It actually wasn’t all that much of a nice day for it, no matter how it looked in the previous photos.
And I’m sure that the guys in the two kayaks down there would be able to confirm it. It was cold to the extent that I had on a sweater, and there was quite a wicked wind blowing – one that was certainly rocking the boat.
This would have been the kind of weather that had I been out there on the water I would have wanted some kind of heating. But it’s never a very good idea to light a fire in a canoe for as you know, you can’t have your kayak and heat it.
I’ll get my coat.
What with all of the activity down there this afternoon, once more I’m surprised at the insouciance of some people.
Here we have a big wedding, a pseudo-Spanish galleon, a couple of kayaks, some fishing vessels and several aircraft flying by, all of which in a very strong wind, and here we have someone else sitting in a ringside seat on the bench down by the cabanon vauban and he is far more preoccupied by something else.
Maybe it’s his telephone, maybe it’s a good book, but there’s that much other stuff happening that I would have thought that he might have taken more of an interest in it.
Especially as just a minute or two later, La Grande Ancre goes sailing … “dieseling” – ed … part.
When I’d seen her earlier, she seemed to be pretty-much loaded up and I was really interested to see what she might have been carrying.
So here she is, and just look at all that shellfish. and not even a single seagull launching a dive-bombing raid for a free lunch.
It certainly must be profitable out there on the Ile de Chausey with all of that on its way back to the Fish Processing Plant, so I hope that they don’t hit any rough seas otherwise all that lot will come sliding off.
having seen la Grande Ancre I wandered off down the path on the other side of the headland towards the port.
Yesterday we had seen Le Poulbot in the cradle of the portable boat lift waiting for the tide to come right in so that there would be enough water to float her away from the quayside. Anyway, she’s now cleared off back into the water than that is that
There’s still that empty place though where Pierre de Jade was until earlier in the week. I suppose that someone will come along to claim it in due course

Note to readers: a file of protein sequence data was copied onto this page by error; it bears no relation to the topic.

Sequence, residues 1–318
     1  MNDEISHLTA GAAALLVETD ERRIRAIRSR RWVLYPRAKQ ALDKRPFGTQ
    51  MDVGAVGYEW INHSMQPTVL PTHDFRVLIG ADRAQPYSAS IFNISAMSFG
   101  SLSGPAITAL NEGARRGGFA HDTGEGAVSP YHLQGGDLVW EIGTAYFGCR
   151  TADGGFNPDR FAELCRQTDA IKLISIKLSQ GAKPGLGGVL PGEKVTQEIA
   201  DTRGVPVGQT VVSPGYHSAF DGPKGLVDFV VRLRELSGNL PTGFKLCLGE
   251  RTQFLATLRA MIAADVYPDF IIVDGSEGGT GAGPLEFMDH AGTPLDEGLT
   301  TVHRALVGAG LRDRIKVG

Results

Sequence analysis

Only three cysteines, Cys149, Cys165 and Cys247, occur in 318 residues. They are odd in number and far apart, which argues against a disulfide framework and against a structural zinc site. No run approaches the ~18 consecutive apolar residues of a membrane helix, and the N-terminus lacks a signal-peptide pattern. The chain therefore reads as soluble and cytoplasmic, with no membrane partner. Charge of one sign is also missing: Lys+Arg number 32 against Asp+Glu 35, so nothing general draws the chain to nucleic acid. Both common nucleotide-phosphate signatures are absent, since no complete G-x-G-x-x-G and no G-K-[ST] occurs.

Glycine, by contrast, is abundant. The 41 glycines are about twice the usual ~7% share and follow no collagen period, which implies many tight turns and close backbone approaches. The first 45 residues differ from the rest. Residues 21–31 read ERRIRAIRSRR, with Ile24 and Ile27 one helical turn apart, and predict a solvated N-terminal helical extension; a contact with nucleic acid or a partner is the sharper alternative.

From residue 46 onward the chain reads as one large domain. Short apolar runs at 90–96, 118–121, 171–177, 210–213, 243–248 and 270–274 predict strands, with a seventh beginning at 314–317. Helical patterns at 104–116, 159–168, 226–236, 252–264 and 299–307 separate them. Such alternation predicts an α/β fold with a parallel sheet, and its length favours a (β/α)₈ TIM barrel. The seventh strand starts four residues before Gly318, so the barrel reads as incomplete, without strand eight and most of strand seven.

In the meantime, Gerlean and L’Omerta are still where they were, over on the right of the yard.
By now, one of the other boats that was out in the bay has come into port.
She’s one that we have seen before – CH922398, otherwise known as Gwenn Ha Ruz, which means “White and Red” in Breton.
There’s quite a load on board her too so it must have been a really good day out there today from that point of view.
By the way, don’t confuse Gwenn Ha Ruz with Gwenn Ha Du, “White and Black” in Breton. That is the colour (and nickname, incidentally) of the flag of Brittany. And you can see the similarity between the Welsh and the Breton languages.
Back here I had a play with the radio programme that I’ll be preparing on Monday. It’s going to be a special programme because there’s an event that needs to be celebrated so I spent quite a while trying to find some appropriate songs.
But now I have my 10 and one or two extra to fill in at the end. But I’ll need to make sure that there wiil be plenty of stuff to cut out of the text because I don’t have the same room to manoeuvre as I usually would for an 11th track.
Tea was a baked potato with veg and one of my breaded quorn fillet things. They really are nice. And as I’m having to ration the potatoes at the moment I had a slice of apple pie from the freezer. Dated September 2020, it was still quite nice.
And now before I go to bed I need to make a start on a mega-back-up. It’s been ages since I’ve done a complete one for the travelling laptop so I need to think about that.
It doesn’t matter how long it takes of course because Sunday is a lie-in and I fully intend to make the most of it.
What could possibly go wrong?